Cervical mechanical traction simply means ‘traction of the neck by the use of a machine’. It is a very common modality used in an out-patient rehabilitation facility.
How Does It Work?
The machine comes with a strap which will be placed around your forehead, the strap is connected with a pulley system which will provide some traction between the head and your neck. The theory behind it is that the traction could widen the intervertebral foramen (where the spinal nerves run through), also could separate the facet joint, which would relieve the sustained pressure on the nerve roots. The traction also allows for stretching and relaxation of the muscles of the neck. Ideally, the head should be placed at a 20-degree angle of flexion for maximizing its effectiveness. Intermittent periods of traction are usually being used, where the force is alternated by period of traction and rest (e.g., 20 seconds of traction followed by 10 seconds of rest period).
What Is Mechanical Traction Good For?
Mechanical traction is usually for individuals with a cervical disc disease such as disc herniation, degenerative disc disease, foraminal stenosis (the narrowing of the nerve passage), radiculopathy (neck pain and associated pain, paresthesia or numbness to the arm), and myofascial tightness in the neck.
Who Should Not Receive Cervical Mechanical Traction?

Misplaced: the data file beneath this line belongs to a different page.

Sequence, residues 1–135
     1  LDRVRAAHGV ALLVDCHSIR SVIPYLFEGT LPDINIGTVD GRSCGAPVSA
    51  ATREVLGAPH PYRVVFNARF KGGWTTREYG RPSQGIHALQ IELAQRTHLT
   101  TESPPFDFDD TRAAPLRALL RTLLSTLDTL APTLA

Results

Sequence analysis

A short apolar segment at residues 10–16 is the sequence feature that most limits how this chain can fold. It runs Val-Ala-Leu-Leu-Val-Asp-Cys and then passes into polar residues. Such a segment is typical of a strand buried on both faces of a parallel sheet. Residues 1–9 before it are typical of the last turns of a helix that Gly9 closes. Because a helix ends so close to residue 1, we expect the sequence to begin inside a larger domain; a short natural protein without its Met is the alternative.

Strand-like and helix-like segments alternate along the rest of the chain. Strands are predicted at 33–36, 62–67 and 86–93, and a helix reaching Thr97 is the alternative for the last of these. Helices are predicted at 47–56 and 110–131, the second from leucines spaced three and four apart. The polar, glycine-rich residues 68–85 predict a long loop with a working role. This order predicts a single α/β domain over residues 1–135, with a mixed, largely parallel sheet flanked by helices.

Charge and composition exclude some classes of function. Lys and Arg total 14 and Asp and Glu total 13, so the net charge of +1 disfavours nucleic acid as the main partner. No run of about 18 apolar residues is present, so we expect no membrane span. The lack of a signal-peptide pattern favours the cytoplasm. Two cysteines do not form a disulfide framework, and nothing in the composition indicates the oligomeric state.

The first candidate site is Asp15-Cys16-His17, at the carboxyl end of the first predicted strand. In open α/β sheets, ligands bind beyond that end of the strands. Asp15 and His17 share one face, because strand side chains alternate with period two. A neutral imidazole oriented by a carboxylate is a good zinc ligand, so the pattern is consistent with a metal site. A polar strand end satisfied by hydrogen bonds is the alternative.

Generally individuals with acute torticollis, old age, severe anxiety, injury to the spinal cord should avoid having mechanical traction as part of their therapy.
Lastly, the complications of cervical tractions are rare, and therapists should always rule out any spinal injuries before commencing treatment.
Cervical traction work best and almost always accompanies with other treatments, these include but not limited to postural education, exercise therapy, manual therapy, acupuncture, therapeutic ultrasound, and more.
At C.E.S., we provide mechanical traction for a variety of neck and spinal issues. If you are interested in receiving mechanical traction, book an appointment with our therapists at 905-771-8882!
Abi-Aad KR, Derian A. Cervical Traction. 2021 May 15. In: StatPearls [Internet]. Treasure Island (FL): StatPearls Publishing; 2021 Jan–. PMID: 29262157.
Romeo, A., Vanti, C., Boldrini, V., Ruggeri, M., Guccione, A. A., Pillastrini, P., & Bertozzi, L. (2018). Cervical radiculopathy: effectiveness of adding traction to physical therapy—a systematic review and meta-analysis of randomized controlled trials. Physical therapy, 98(4), 231-242.